Nearly every aspiring entrepreneur dreams about starting a company from scratch.
Few dream of turning around a struggling business.
There are numerous causes of a struggling business, but the telltale sign is cash is scarce.
When businesses run out of cash, the options become very limited. No cash, no business.
But many businesses survive these crises every day, if they face the brutal facts and start to do something about it. To address a crisis in your business:
(1) Frame the problem – Quickly get to the heart of the key issues facing the business.
(2) Create a clear vision – Work with the organization to create a clear picture of where the company is heading.
(3) Empower the team that will do the work – Explicitly communicate that the team is free to do things its way. Then back that up by backing off. Avoid interfering and undermining individuals on the team. Instead, work to remove any constraints that get in their way.
This is about getting back to basics. Keep it simple, not complicated.
And look for a quick win. That will lift everyone’s spirit and put much-needed confidence in their tank as they move forward.
If a once-successful business is struggling, it’s almost always a people-related issue. Not financing, not capital – employees, management or owners.
Somewhere along the way, something broke, and now there’s a disconnect between the owner’s concept and what people did with that concept.
Or what the owner did with that concept. The problem may be entitlement, complacency, laziness or ego.
Eventually, between the reality of the marketplace and the company’s ability to act within that reality, something fractured until it was too late.
SORT THROUGH THE CHAFF
Always start with people, because it’s always about people. People make the daily decisions that influence the outcomes in your business.
The difficulty is sorting through all the agendas, defensiveness and embarrassment at all levels of the organization.
This is the time to confront the brutal facts, identify and solve problems and work as a team that can debate the issues – and walk away committed to what is agreed upon.
EVERYTHING ON THE TABLE
Sacred cows can be a big challenge when confronting a crisis.
As the business owner, your job is to make it safe that everything is up for discussion.
That doesn’t mean everything will change, but at the very least, there can be some discussion around issues that normally are off limits. And that includes any shiny pennies, or new ideas, that you have been chasing that are simply distracting the business from executing on its core business.
Roll up your sleeves and participate in the company.
Be open. Talk to people. Show them you care.
Walk the 4C (four corners).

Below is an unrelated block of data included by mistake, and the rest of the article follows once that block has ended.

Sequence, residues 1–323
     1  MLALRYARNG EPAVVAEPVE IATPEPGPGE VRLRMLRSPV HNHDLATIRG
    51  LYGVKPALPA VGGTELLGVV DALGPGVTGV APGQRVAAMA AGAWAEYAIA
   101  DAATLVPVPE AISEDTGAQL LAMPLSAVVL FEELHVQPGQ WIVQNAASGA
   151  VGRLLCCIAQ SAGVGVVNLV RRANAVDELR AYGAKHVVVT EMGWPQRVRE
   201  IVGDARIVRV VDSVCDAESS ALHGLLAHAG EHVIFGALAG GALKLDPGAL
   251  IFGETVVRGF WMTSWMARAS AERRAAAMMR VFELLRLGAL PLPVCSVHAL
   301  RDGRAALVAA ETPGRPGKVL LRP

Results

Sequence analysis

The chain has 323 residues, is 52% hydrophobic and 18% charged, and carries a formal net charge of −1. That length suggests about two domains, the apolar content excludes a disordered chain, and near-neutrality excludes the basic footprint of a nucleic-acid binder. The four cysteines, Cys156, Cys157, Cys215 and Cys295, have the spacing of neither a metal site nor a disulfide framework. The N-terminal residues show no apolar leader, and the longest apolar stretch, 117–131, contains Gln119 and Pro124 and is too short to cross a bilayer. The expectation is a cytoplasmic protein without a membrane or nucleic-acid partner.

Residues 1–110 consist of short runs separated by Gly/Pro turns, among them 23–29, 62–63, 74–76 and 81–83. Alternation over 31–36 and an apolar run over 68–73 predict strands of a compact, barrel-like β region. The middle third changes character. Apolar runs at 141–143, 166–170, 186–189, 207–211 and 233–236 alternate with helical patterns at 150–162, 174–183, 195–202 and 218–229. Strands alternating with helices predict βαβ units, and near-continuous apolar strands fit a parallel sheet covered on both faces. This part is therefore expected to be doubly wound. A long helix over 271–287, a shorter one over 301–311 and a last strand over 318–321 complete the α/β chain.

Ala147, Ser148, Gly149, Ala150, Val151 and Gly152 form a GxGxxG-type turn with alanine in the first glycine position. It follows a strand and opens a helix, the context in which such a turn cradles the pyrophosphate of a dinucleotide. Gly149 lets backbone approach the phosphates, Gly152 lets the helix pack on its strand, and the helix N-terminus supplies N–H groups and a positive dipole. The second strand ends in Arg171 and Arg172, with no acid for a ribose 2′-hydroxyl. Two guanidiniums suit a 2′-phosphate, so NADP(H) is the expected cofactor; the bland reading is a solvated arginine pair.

The idea is to be visible in your facility, listening to people, especially front-line people, who may have insights that could affect the turnaround.
REGAIN THEIR PRIDE
Don’t immediately clean house. Sometimes, some employees need to go, but not everyone.
It’s extremely important to maintain the talent that originally created the concept or brand; it is the company.
Give your people the opportunity to not only save their jobs but to regain their pride in their company and their work.
GROSS PROFIT MARGIN
Once you have a plan to move forward, put some focus on the back end and make sure operations is capable of delivering.
Focus on a key metric that, as it improves, so does the business. In many cases, this is gross profit margin.
Once you get your arms around overhead and have nonessential spending under control, incremental improvements in gross profit margin will dramatically reduce your break-even point and get your business back on solid ground.
Back to keeping it simple – you improve gross profit margin by increasing price and/or decreasing cost of goods sold, generally consisting of materials and direct labor.
Almost always, the biggest effect is direct labor. Find ways to measure this, compare to the project budget and discuss with the team daily so everyone knows the score and how to win.
The disconnect between the owner’s concept and what people did with that concept always manifests itself in one or two places: on the front end with the brand and sales, or on the back end in sourcing and operations.
Maybe the brand has lost its core attraction or equity. Or maybe operations can’t support the brand.
Brand starts, but back end delivers. No brand is better than its delivery.
Owners get excited when they land big accounts, but if your back end can’t feed those accounts, it can kill you.
Rapid expansion is attractive, but operationally, expansion can be a nightmare – especially because of the cash required to finance a major expansion.
Either way, when did that disconnect occur, and what was the reason? Get to the core of the problem, the first step, and focus there.
If your business is underperforming, chances are you’re going to have to fix it with the people already in the trenches.
What are you going to do with the team you have?
Tom Garrity is managing partner of Compass Point Consulting LLC in Hanover Township, Northampton County. He is a certified coach with Gazelles International and a certified exit planning adviser with the Exit Planning Institute. Compass Point provides growth and business transition consulting to small- and medium-sized businesses. He can be reached at 610-336-0514 or firstname.lastname@example.org.